Argentina reinvents itself

Sharp economic downturns, such as the one unfolding in Argentina, can sometimes create openings, especially in politics when an outsider promises disruption.

That helps explain the upset victory of Javier Milei, a first-term legislator from a fringe, far-right political coalition, in a presidential primary last week in Latin America’s third-largest economy. Many voters are fed up with a political elite that reigns over 113% inflation, a collapsed peso, and mass poverty. Mr. Milei pledges to cut government spending, dismantle the central bank, and eliminate half of the federal agencies, including education and health, if elected in October.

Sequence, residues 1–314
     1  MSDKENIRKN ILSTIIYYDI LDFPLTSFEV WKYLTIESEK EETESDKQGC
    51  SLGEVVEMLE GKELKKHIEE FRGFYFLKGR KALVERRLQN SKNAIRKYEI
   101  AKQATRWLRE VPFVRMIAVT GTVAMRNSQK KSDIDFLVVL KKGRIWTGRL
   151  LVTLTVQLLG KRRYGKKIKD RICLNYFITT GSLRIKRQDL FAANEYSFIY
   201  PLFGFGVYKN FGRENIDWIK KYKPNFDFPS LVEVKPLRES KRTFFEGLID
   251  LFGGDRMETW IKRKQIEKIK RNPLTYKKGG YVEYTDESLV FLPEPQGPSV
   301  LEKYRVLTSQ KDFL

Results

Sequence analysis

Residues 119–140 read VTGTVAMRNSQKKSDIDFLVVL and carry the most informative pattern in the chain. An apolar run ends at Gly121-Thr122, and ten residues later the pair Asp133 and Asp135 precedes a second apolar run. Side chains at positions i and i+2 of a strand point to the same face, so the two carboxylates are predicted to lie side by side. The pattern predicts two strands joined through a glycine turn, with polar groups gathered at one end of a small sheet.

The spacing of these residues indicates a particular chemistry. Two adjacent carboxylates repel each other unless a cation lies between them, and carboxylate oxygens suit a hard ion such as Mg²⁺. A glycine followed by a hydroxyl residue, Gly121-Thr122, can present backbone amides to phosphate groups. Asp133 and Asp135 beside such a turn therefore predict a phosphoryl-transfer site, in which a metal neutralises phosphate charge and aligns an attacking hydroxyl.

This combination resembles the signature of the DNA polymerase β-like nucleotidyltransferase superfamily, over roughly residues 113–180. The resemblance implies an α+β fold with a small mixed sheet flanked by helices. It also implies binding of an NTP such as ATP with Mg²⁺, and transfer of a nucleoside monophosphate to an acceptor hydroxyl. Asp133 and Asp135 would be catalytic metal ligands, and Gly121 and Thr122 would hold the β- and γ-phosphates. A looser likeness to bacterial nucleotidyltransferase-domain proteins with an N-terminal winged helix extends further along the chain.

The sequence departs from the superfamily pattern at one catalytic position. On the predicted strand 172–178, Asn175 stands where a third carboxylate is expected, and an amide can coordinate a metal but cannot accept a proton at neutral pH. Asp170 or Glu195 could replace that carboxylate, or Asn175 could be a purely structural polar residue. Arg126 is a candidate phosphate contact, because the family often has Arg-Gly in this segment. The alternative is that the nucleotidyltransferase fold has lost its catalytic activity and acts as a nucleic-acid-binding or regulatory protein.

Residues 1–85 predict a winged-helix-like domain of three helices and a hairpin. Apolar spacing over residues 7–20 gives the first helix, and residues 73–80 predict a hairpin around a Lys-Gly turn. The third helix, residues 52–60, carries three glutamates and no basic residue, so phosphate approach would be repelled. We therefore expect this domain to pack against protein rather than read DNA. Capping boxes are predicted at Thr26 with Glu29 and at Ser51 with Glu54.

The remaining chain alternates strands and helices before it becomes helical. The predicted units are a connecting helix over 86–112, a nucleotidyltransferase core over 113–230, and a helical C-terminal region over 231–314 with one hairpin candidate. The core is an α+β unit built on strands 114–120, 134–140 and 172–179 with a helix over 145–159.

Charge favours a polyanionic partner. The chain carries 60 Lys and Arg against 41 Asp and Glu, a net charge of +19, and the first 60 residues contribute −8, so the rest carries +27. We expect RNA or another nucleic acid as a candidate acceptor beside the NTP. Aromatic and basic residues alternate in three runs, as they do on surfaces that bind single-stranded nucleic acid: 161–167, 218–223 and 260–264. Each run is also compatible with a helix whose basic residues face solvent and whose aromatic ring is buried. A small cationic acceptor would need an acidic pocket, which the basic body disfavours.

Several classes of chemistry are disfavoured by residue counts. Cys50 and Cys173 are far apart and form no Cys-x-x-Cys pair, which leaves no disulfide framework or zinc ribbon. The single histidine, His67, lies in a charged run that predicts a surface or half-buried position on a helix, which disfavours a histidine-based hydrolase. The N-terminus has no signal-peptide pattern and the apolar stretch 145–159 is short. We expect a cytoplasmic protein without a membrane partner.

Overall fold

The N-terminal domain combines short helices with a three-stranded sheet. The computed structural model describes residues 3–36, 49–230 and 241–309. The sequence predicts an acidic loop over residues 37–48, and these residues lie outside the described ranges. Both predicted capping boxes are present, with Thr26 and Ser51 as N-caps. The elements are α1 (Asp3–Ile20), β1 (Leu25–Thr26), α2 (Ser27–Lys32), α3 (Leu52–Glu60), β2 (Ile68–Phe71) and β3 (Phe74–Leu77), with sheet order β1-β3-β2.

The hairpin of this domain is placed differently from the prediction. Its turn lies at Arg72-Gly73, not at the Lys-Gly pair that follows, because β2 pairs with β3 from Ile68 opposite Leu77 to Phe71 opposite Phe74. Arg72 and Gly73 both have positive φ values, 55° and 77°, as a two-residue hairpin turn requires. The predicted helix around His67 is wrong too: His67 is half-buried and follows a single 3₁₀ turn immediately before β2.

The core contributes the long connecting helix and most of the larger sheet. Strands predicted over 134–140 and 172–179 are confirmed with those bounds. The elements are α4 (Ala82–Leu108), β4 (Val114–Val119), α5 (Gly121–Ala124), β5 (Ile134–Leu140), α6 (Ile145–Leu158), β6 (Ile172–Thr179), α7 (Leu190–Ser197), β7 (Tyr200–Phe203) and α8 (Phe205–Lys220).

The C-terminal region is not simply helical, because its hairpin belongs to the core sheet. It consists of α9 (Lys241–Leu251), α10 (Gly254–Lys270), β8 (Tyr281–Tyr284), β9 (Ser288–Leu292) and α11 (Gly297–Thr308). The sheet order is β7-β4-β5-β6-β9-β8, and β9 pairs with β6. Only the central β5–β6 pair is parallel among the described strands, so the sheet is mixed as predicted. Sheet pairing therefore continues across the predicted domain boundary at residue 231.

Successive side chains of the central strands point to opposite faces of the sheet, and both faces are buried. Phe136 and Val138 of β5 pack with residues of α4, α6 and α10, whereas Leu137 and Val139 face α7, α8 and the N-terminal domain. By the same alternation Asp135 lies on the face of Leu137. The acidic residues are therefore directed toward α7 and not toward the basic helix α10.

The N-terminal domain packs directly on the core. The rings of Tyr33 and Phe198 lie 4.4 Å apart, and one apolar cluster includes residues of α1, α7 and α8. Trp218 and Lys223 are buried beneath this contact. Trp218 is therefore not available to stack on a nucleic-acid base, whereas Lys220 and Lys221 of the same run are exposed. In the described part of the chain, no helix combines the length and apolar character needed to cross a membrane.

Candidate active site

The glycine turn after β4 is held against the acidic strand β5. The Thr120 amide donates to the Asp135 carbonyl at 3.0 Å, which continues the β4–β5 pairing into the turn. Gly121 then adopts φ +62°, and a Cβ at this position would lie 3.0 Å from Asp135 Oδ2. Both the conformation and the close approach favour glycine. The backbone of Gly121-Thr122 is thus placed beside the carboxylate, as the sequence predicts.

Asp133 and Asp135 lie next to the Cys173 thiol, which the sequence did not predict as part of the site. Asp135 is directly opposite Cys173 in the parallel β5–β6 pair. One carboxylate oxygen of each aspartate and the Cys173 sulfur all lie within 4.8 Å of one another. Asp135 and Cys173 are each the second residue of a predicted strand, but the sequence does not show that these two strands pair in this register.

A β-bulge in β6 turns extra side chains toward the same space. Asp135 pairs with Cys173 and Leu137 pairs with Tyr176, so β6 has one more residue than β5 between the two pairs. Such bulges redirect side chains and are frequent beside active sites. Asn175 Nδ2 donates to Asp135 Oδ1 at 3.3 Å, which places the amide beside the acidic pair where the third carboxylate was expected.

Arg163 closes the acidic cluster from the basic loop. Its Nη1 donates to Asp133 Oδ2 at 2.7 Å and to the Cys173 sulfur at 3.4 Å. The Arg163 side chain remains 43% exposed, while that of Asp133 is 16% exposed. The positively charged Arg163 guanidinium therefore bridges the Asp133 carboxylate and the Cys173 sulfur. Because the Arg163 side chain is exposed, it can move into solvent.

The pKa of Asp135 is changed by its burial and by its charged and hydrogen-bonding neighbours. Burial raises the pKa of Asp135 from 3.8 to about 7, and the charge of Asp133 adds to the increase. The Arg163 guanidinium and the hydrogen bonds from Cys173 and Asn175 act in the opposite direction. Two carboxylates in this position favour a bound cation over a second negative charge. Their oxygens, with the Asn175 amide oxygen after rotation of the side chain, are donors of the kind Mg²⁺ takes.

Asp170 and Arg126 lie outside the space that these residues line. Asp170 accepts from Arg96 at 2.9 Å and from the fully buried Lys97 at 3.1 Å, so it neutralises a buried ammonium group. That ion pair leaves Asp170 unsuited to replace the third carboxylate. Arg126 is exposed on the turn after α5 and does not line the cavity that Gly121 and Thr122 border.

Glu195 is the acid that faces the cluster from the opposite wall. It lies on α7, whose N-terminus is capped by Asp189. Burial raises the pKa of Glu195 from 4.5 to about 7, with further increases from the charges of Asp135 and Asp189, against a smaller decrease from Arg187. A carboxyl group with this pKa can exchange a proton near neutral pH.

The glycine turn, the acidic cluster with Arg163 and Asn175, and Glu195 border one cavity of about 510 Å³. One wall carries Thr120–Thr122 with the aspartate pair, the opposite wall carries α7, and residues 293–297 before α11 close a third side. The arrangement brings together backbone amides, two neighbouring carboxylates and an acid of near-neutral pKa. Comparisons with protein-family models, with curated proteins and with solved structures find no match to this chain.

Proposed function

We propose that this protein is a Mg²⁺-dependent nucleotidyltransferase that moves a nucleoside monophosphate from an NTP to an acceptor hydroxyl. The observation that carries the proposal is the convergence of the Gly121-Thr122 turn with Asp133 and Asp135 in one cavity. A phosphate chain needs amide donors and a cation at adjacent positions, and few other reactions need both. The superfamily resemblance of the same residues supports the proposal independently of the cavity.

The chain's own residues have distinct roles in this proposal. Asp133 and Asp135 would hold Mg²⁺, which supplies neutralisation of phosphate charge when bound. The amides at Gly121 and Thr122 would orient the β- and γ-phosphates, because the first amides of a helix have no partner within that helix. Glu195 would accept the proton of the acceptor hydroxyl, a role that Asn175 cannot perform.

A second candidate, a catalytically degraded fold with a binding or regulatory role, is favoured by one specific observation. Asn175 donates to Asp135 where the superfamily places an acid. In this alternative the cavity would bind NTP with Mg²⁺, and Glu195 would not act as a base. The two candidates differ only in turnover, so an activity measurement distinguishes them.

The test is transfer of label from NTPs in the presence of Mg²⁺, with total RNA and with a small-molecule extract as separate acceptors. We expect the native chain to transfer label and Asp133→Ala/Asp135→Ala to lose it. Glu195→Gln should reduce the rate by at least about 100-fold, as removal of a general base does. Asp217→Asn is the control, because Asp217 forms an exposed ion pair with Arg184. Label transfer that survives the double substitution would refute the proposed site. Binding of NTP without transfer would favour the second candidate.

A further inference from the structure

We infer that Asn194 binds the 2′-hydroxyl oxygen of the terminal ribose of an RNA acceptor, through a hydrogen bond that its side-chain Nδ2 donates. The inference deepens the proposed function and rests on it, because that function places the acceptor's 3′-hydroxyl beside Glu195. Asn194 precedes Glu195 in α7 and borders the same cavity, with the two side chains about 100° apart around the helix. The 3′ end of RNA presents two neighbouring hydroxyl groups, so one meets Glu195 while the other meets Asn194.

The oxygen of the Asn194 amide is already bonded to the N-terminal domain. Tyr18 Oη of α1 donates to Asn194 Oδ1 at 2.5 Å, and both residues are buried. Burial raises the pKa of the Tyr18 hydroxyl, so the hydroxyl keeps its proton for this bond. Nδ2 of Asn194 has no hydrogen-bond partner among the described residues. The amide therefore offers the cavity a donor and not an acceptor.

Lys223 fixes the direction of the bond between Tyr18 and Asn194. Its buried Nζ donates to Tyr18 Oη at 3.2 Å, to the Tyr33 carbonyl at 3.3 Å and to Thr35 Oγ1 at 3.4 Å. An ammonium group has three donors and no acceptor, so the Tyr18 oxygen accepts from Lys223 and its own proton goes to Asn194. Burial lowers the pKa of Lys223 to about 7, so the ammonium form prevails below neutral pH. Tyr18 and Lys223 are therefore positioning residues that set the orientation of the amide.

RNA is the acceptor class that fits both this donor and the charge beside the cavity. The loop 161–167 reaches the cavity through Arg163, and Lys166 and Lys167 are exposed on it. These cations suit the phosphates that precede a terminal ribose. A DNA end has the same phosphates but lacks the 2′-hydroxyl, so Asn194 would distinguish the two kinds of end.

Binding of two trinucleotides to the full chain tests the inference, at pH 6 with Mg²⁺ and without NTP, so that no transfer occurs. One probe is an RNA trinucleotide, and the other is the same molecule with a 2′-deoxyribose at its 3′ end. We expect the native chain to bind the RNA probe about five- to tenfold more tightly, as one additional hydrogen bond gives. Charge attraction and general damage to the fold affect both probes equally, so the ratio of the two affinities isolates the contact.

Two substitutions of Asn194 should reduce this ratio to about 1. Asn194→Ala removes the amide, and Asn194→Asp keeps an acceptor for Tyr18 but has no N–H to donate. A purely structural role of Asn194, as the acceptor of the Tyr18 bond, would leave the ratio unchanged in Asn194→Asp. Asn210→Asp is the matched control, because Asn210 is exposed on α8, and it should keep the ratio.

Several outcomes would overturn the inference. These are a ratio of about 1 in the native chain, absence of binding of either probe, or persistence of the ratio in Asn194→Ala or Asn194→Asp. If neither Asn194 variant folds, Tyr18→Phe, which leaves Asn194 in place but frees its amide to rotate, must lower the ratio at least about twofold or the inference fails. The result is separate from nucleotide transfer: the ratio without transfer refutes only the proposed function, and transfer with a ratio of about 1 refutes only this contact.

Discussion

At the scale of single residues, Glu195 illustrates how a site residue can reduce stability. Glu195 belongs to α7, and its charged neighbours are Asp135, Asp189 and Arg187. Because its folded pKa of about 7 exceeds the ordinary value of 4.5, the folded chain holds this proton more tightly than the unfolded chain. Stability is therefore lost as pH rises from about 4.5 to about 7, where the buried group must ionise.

His policies may have limited appeal, pollsters say. The reason could lie in how ordinary Argentines have responded to decades of economic mismanagement and corruption. They have formed bonds of community. “We’re all trying to float,” Marina Furlanetto, a gallery owner in Buenos Aires, told Here Magazine. “It’s not a competitive struggle.”

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